Health

How safe is your hand sanitiser

The government hasn’t had much control over India’s hand sanitising manufacturers, who have mushroomed amid the COVID-19 pandemic 

 
By Banjot Kaur
Published: Wednesday 02 September 2020
How safe is your hand sanitiser. Photo: Pixabay

One product that made its way into most homes across the world, including India, in the wake of the novel coronavirus disease (COVID-19) pandemic, was hand sanitiser. However, there is no database or government website in India that a consumer can refer if s / he desires to know before hand as to which brands are spurious.

Contrast this with the United States Food and Drug Administration (FDA), which has a ready reckoner for its citizens. Relevant information — like which products are genuine and which fake — is just a click away.

But should the absence of evidence be treated as evidence of absence?

The need for putting such information in the public domain was realised recently when the Consumer Guidance Society of India (CGSI) released its report. The Maharashtra Food and Drug Administration (FDA) had outsourced the sampling exercise of sanitisers available in Mumbai, Navi Mumbai and Thane to the CGSI.

Fifty-nine of the 122 samples picked up by CGSI did not comply with the standards mentioned on their respective labels. Twelve were sold without any claims or labels. Five were found to contain methanol, which is not a permissible ingredient for hand sanitisers. They had methanol ranging from 34-63 per cent, depending on the product.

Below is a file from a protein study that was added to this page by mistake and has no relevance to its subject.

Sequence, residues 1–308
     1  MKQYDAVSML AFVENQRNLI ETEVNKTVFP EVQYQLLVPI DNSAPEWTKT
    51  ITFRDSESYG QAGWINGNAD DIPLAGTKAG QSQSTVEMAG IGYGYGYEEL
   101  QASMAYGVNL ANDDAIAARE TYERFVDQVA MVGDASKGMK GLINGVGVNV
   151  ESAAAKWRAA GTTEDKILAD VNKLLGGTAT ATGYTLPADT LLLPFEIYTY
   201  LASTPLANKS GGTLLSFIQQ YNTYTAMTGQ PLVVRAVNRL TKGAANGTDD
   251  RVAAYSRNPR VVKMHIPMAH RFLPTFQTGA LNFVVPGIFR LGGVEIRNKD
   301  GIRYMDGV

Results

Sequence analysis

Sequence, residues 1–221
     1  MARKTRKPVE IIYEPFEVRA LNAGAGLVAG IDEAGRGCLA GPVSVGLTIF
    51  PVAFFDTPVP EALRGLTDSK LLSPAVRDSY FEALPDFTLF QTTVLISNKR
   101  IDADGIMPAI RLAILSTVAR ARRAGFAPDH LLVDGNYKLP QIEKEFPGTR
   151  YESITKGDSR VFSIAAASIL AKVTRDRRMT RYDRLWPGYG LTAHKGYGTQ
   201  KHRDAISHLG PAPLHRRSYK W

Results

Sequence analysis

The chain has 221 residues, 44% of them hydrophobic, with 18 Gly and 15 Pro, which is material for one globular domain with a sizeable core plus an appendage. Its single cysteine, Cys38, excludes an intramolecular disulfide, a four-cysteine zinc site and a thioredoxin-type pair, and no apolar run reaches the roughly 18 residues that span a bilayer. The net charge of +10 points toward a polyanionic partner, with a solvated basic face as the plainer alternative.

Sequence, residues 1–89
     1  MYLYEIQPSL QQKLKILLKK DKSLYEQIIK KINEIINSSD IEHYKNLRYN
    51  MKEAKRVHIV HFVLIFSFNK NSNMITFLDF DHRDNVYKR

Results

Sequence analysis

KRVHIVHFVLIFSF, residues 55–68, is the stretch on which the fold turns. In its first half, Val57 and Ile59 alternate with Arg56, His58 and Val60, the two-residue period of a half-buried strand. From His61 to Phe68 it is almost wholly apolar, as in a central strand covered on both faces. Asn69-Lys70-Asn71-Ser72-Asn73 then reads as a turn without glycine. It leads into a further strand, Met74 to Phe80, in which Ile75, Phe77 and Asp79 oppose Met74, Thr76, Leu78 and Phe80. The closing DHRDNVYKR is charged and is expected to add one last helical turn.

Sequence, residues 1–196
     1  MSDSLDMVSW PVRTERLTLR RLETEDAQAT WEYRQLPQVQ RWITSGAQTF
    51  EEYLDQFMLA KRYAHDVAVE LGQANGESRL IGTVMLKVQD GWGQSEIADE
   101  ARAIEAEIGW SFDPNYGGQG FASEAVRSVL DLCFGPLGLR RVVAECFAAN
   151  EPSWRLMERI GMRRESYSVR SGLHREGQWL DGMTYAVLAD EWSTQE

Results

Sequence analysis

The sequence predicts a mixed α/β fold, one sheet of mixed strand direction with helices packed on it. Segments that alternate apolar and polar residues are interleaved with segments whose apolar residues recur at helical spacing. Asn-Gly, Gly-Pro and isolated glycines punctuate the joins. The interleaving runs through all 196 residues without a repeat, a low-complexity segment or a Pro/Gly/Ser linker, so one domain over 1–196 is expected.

Hardly any guidelines regarding the composition of sanitisers are available on the Central Drug Standard Control Organisation (CDSCO) website. Instead, there is just an image of a document that talks about examples of  formulations of hand sanitisers and surgical disinfectants. Some of these formulations were approved in 2009, while the latest approval was given in 2017. 

“For our testing, we followed the World Health Organization (WHO) guidelines,” MS Kamath, general secretary of CGSI told Down To Earth (DTE), when asked if he was aware of any Indian government guidelines on hand sanitisers.

Kamath did not mince words while explaining how almost everybody tried to plunge into the business of making sanitisers: “The licences to manufacture sanitisers were given by Maharashtra FDA online. The online grant of licence obviously made the process much convenient.”  

The CGSI, that tested the samples in the lab using the gas chromatography method, found methanol in five samples. These samples were of Kivi Herbals, Avon Laboratories, Equinox Industries, Aan Pharma Pvt Ltd and Avadh Engineering Pvt Ltd.

WHO guidelines don’t permit methanol as an ingredient in hand sanitisers. The US FDA has said methanol exposure can result in nausea, vomiting, headache, blurred vision, permanent blindness, seizures, coma or even permanent damage to the nervous system or death.

Two formulations for hand sanitisers are permitted under WHO’s guidelines. They can either contain ethanol (96 per cent), hydrogen peroxide (three per cent) and glycerol (98 per cent). The other permitted formulation is isopropyl alcohol or IPA (99.8 per cent), hydrogen peroxide (three per cent) and glycerol (98 per cent). 

FACTSHEET: Coronavirus: How hand sanitisers protect against infections

Liquor tax is not levied on methanol unlike on ethanol. This, Kamath, explained, might be the reason why manufacturers resorted to using methanol, also known as ‘denatured spirit’. 

There were two major lacunae regarding the other violation — of not complying with the claims of the label. The sanitisers were found not to contain ethanol or isopropyl alcohol in per cent volume according to the claims made on their labels, when tested.

For instance, one sanitiser named Hanklin contained 49 per cent ethanol while the label claimed 62 per cent. One of the samples of Patanjali too was found adulterated on this ground.